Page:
The ministry of Christians Against Poverty (CAP) can be very useful here, though that doesn’t obviate the need to preach on such issues in the church life. Some question whether there is any need for churches to support their poor, living as we do in a wonderful welfare state. Yet, often, benefits do not arrive quickly enough, nor are they generous enough to meet all needs. Others point out that some financial needs are so great — for example, wealthy believers becoming bankrupt — that few, if any, churches could help meet those needs. Yet local churches can still provide help, which can be wonderfully reassuring and vital to the mental and spiritual strength of those fallen on hard times.

4. Practical wisdom

Support needs to be handled with wisdom, grace and efficiency. The apostles were made aware of flaws in the system of welfare distribution in the Jerusalem church (Acts 6.1). Whether those failings were due to prejudice or inefficiency is hard to say, but it brought dangerous tensions and conflicts to the church. Indeed, anyone who has been in church life for any length of time will have experienced church tensions over money, especially when it comes to being generous with it! That is why it was necessary to have such a group of wonderfully spiritual men to sort the apparently pretty straightforward practical problem out (Acts 6.3). Support always needs to be wisely and sensitively tackled.

5. Outsiders too

The church’s responsibility is not restricted to those in our own back yard. Preoccupation with our own fellowship can be selfish and unspiritual. The New Testament gives us a vision, not simply for the evangelism of the whole world, but for meeting the practical needs of the wider church community. Surely, no thoughtful Christian can remain unchallenged by Paul’s preoccupation with the collection for the poor believers in Jerusalem (Romans 15.23-28).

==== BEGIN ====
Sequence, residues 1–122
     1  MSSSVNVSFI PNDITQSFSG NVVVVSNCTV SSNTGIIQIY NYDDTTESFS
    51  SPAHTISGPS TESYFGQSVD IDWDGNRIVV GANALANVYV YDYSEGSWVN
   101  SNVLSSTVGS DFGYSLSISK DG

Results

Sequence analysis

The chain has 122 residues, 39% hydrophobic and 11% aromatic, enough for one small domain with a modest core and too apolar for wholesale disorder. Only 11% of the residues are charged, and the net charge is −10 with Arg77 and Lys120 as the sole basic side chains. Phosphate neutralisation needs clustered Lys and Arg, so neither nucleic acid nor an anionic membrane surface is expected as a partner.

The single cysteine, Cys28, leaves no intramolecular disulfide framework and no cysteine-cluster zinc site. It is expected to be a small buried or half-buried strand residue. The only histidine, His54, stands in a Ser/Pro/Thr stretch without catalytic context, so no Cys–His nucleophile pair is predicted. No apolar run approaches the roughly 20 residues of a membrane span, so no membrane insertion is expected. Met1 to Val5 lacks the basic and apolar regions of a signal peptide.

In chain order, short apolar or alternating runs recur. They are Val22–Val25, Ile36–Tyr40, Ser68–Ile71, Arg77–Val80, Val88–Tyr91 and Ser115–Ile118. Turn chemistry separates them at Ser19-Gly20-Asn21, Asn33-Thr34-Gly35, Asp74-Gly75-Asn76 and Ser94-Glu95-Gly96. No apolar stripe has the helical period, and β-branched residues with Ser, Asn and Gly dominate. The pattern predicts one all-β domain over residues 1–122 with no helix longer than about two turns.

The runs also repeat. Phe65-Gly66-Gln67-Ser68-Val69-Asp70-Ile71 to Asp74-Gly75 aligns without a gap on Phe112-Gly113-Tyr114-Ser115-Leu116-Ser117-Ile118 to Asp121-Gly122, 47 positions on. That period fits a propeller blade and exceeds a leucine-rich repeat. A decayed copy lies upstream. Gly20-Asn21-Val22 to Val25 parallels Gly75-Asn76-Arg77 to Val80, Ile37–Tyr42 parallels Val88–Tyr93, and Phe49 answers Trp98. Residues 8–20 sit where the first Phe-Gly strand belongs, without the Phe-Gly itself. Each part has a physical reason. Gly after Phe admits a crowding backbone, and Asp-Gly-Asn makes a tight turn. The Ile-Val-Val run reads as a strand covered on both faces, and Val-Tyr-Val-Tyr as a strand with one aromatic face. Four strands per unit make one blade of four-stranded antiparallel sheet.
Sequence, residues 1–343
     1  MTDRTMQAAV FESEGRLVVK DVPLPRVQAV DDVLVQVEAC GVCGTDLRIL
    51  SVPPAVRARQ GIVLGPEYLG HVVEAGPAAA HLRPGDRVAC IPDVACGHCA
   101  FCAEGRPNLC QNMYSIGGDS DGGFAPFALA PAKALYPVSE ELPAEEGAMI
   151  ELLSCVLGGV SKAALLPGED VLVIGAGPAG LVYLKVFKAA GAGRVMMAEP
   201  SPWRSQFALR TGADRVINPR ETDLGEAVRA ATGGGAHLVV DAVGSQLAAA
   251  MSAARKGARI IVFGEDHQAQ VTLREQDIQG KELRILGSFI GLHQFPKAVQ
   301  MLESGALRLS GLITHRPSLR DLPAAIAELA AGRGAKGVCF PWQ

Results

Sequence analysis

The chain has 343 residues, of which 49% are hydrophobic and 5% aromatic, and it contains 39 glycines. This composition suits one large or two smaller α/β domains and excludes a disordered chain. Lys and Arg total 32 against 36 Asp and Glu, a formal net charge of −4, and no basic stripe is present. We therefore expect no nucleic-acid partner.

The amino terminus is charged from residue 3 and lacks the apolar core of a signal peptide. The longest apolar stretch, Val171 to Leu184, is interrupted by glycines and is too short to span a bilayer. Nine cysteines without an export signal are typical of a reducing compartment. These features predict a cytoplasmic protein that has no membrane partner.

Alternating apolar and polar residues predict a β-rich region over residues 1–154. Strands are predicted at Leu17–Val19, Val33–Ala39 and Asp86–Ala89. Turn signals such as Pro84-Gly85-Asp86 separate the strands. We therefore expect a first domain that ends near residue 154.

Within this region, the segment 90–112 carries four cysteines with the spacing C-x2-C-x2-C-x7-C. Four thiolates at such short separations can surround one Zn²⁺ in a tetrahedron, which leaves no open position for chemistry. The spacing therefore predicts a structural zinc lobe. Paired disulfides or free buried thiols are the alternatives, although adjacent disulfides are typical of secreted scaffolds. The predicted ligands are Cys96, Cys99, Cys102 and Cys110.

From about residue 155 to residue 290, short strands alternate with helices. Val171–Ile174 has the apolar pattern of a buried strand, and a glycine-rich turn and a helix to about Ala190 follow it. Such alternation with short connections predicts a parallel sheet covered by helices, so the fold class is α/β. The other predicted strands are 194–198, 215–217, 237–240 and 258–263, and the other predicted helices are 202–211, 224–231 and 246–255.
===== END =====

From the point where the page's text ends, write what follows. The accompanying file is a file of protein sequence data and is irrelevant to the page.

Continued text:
One church’s experience

Among the things that we at Dewsbury Evangelical Church have been able to do to help believers financially have been the following. We have helped asylum seekers with their living and legal costs, including, on occasions, making a commitment to pay them a weekly ‘subsistence allowance’ and making collections for solicitors’ fees. We have provided holidays for poor families, sometimes by arranging for them to stay in the homes of believers (living in rather nicer areas than Dewsbury!) while the owners themselves are away on holiday. We have paid for youngsters attending YP groups to go on our church camp.

We have sometimes sent money with our Asian worker on his visits to Pakistan to try to help the struggling church there. We have set up a small disasters committee in the church so that the church members can be encouraged to make collections to support famine or earthquake relief (often through Christian organisations) when the need is most urgent.

Help on a weekly basis